The Italian grocery store did have one beverage that I ended up buying: Chinotto from San Peligrino. The bottle caught my eye for some reason, and I immediately thought of China Martini, an Italian amaro liqeuer that my uncle first introduced us to in South Africa. On the off-chance that this had a similar taste, I bought some. Indeed, this was amaro-flavoured soda! Yum! Now I just need to find some in Seattle. I'll check the Italian deli store in Pike Place - they are likely to be the best bet. (Anyone know of a larger, less snooty Italian grocery store in Seattle? Something more like Penn. Macaroni Company?)

Our return hike to the car took us past the Church Bew Works, so we had a late lunch here. As the name implies, this is a brewery inside an old church. They've kept the exterior unchanged, and made minimal changes to the interior too, so you sit at booths made from the old pews. The altar is now devoted (rightly, IMHO) to the production of beer, with huge shiny kettles serving as the focal point.

A great stained-glass window high in the opposite wall cast a colourful image onto the glass shielding the kettles... Their beers are yummy too, so if you like beer I'd definitely recommend coming here. (Nice food too...)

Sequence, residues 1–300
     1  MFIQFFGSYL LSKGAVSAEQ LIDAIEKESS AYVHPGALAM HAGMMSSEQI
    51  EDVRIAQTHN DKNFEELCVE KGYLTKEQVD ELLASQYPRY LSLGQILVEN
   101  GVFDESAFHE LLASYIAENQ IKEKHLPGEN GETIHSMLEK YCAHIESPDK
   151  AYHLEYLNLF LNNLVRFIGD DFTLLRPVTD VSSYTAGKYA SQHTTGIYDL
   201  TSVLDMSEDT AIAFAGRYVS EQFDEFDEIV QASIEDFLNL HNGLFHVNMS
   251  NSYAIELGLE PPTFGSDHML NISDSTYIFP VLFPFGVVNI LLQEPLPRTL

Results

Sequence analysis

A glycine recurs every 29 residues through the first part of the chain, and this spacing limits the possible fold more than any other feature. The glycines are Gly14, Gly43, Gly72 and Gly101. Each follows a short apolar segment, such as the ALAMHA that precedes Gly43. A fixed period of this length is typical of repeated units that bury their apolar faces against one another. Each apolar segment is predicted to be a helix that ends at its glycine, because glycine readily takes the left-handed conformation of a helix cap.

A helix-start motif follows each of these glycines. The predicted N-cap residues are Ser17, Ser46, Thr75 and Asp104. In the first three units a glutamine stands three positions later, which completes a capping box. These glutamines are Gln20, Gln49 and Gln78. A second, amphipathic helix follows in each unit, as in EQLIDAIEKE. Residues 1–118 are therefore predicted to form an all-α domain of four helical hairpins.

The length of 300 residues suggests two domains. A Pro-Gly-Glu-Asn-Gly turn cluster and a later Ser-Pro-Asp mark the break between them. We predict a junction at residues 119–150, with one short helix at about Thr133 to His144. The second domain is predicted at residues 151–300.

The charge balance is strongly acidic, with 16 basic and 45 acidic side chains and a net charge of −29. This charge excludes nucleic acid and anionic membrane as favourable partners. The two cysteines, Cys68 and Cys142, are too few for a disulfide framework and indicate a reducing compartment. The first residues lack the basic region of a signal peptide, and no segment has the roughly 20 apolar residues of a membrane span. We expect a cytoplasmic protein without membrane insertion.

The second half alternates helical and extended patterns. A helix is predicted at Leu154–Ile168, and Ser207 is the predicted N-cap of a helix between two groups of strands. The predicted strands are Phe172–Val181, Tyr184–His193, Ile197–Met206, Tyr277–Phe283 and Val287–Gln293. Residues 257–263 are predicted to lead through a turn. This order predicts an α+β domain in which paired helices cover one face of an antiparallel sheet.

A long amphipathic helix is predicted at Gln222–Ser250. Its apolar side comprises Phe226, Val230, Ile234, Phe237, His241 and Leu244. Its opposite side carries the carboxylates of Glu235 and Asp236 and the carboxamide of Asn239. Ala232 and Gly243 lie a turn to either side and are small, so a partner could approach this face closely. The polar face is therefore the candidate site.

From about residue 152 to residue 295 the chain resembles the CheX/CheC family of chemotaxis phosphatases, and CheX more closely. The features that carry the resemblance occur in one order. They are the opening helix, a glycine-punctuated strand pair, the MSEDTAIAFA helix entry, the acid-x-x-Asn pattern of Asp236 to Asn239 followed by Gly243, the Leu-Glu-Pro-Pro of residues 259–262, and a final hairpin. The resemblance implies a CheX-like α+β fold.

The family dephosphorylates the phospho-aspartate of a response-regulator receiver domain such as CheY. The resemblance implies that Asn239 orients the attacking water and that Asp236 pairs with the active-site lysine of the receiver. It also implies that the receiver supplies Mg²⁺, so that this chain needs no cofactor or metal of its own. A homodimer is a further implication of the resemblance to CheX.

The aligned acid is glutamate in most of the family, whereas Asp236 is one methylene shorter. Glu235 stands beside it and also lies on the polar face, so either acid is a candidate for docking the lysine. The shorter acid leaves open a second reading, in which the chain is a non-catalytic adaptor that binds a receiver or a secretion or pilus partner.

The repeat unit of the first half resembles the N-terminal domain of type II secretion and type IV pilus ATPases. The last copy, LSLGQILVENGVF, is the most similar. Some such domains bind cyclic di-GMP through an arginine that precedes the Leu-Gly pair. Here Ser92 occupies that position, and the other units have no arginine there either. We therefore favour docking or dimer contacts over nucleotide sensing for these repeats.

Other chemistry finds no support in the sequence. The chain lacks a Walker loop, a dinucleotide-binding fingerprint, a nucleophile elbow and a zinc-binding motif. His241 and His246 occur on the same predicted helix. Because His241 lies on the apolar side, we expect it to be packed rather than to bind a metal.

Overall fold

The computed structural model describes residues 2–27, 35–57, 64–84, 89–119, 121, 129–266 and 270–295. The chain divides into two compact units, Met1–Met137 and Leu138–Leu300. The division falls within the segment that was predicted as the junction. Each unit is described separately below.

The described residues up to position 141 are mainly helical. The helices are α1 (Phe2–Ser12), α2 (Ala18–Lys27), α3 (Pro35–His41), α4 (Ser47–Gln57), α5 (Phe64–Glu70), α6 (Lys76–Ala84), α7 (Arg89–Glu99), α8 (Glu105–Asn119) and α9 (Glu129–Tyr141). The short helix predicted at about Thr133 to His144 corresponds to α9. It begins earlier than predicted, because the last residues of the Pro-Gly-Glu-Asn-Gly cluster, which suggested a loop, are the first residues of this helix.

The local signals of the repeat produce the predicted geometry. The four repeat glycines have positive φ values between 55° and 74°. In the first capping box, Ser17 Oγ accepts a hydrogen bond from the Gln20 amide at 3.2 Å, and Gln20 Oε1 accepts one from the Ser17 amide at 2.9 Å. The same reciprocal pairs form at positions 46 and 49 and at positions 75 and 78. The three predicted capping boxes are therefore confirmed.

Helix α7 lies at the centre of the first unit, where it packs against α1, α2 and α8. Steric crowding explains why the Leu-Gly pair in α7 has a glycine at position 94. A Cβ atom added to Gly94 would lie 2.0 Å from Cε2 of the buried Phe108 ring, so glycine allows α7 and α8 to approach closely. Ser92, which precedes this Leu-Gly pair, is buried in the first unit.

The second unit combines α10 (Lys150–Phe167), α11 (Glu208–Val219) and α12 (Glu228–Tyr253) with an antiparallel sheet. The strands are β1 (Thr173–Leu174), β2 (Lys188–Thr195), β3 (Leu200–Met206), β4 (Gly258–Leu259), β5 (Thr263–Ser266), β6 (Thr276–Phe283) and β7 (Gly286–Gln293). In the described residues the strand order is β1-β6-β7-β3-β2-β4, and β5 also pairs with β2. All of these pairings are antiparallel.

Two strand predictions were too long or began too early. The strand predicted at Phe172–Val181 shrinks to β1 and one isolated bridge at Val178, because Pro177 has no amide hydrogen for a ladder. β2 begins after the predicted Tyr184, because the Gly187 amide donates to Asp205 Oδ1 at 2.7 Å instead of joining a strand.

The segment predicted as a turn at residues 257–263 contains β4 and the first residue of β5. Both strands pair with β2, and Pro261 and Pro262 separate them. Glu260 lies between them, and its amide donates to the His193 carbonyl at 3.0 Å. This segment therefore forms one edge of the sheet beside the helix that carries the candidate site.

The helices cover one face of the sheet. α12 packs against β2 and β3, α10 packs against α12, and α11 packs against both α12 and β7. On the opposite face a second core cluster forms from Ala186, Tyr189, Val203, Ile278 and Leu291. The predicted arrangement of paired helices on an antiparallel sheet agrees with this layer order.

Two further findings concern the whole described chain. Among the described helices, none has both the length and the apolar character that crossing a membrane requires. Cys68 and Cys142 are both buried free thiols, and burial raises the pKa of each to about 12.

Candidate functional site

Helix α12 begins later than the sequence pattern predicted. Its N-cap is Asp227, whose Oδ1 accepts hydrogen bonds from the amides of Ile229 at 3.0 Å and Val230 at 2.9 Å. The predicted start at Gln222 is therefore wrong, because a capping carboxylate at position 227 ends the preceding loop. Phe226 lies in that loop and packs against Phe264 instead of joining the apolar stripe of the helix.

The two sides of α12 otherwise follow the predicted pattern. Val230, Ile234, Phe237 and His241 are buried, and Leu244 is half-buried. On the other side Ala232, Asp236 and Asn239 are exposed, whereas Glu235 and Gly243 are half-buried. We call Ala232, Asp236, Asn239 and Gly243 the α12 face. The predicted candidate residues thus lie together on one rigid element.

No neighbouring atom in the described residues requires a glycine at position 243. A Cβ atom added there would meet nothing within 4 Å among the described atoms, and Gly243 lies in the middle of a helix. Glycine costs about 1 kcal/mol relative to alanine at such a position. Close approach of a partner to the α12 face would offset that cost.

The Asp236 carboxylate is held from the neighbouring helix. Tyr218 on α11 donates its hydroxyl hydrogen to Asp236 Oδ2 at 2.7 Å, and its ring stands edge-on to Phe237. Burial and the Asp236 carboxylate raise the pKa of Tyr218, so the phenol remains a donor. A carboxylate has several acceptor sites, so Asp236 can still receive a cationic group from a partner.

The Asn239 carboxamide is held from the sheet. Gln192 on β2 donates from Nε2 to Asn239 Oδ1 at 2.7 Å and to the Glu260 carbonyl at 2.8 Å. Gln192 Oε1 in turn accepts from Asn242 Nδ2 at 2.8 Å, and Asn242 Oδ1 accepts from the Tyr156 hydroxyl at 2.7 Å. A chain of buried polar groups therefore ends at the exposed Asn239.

Sunday was mostly spent inside the Fipps Conservatory - a huge conservatory (that's a glass building with plants in it, fer dummies like me). They have an amazing collection of orchids, lillies, tropical fruit trees, a japanese garden with several bonsai, and a butterfly room. (The butterflies will mostly still about to hatch from their pupae). Really nice - it's a pity we left our camera in the car, but you can get a sense from these pics. (I hope they don't mind the link).

All too soon, we had to head back to the airport for our return trip. Pittsburgh was great fun, and much prettier than I had anticipated. It has a very different feel to other cities in the US I've been to (mostly on the west coast), and you definitely can see and feel the history all around you.

More pics here. (Note: You need to login as a friend/family to see all of them...)